MEDIA STATEMENT

Youth Affairs Council Victoria (YACVic) commends the Federal Government for extending the $550 temporary Coronavirus Supplement to the 250,000 students and apprentices on Youth Allowance (Student), Austudy and ABSTUDY.

However, many students who do not receive Youth Allowance (Student), Austudy and ABSTUDY due to ineligibility based on the parental income means test, but who live independently and support themselves, are now in a dire situation having lost their jobs due to COVID-19 disruption. These young people like 21-year-old Eleanor Whelan-Mills who moved from regional Victoria to Melbourne to study, are being left out of much-needed government support, and becoming desperate.

YACVic is calling on the Federal Government to raise the parental income test threshold for Youth Allowance (Student), Austudy and ABSTUDY, in the same way the partner income threshold has been increased for Jobseeker benefits.

Case study: Eleanor

“My job has cut my hours from Monday next week, so I will be unable to pay any rent or pay any bills. And it looks like I will have to move home indefinitely.

“I moved to Melbourne from Bendigo three years ago to pursue studying a Bachelor of Arts/Law at Monash University. Despite having supported myself fully for the past three years without any Government assistance, I am not considered independent because of my parents’ income, and hence am ineligible for Youth Allowance (Student).

“My parents are only marginally over the threshold and cannot afford to support me, especially during the current financial climate when my mother is facing the possibility of being laid off due to the effects of COVID-19.

“I am applying for Centrelink but know full well that I will be rejected, leaving me to face eviction from my share-house. I am really scared – so many of my friends are in a similar position, and we have no idea what our options are.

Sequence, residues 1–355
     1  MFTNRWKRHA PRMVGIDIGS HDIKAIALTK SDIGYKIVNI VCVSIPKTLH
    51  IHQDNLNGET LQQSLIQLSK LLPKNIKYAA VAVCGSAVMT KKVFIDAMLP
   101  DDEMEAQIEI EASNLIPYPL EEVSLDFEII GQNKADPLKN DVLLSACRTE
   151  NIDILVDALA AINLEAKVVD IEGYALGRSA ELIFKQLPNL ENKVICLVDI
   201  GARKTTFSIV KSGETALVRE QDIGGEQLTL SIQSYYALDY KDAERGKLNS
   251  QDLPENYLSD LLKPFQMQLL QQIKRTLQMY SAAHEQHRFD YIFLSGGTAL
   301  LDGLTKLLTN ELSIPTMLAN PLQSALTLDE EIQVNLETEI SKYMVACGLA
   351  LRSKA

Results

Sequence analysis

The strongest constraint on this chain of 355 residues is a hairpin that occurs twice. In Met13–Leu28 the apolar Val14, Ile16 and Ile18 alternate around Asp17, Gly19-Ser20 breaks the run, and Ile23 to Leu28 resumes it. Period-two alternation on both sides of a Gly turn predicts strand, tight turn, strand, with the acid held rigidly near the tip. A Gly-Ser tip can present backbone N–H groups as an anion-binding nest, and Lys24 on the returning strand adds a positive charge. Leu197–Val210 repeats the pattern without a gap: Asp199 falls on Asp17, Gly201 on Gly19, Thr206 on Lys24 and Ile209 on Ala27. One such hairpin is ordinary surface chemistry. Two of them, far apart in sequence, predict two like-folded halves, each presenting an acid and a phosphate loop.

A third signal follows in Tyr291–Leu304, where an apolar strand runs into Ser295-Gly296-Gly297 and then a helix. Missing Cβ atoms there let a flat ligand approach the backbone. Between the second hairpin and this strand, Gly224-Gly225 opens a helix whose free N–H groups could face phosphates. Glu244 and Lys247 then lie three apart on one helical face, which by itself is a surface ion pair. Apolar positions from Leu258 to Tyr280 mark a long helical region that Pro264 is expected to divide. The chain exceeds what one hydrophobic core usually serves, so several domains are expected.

“I feel left behind, and want the Government to ensure no young person misses out on support because of the economic challenges from COVID-19.”

Youth advocacy groups “inundated” with calls and messages by young people trying to get by

YACVic has been inundated with stories like Eleanor’s.

“Many students have lost their jobs due to the COVID-19 shock to the economy, and are now unable to pay for rent and basic essentials,” says Katherine Ellis, CEO of Youth Affairs Council Victoria.

“Students like Eleanor, who have moved from rural and regional areas, or for other reasons must live independently of their parents, are in desperate need of support now.

“We are calling on the Federal Government to increase the parental income test threshold for Youth Allowance (Student), in the same way they have lifted the partner income threshold for Jobseeker benefit eligibility.

“In these extraordinarily difficult times, we have a duty of care to ensure every young person is properly supported to afford rent, pay for essentials and access the services they need, without being forced to give up or reduce their studies.”

Media contact:

Thomas Feng, YACVic Media and Communications Manager, 0431 285 275. Katherine Ellis, YACVic CEO is available for further comment.

Eleanor is also available for additional interviews.

About Youth Affairs Council Victoria (YACVic)

Youth Affairs Council Victoria (YACVic) is the peak body and leading advocate for young people aged 12–25 and the youth sector in Victoria. Established in 1960, YACVic advocates for the rights of young people in Victoria to ensure they are active, visible and valued in their communities.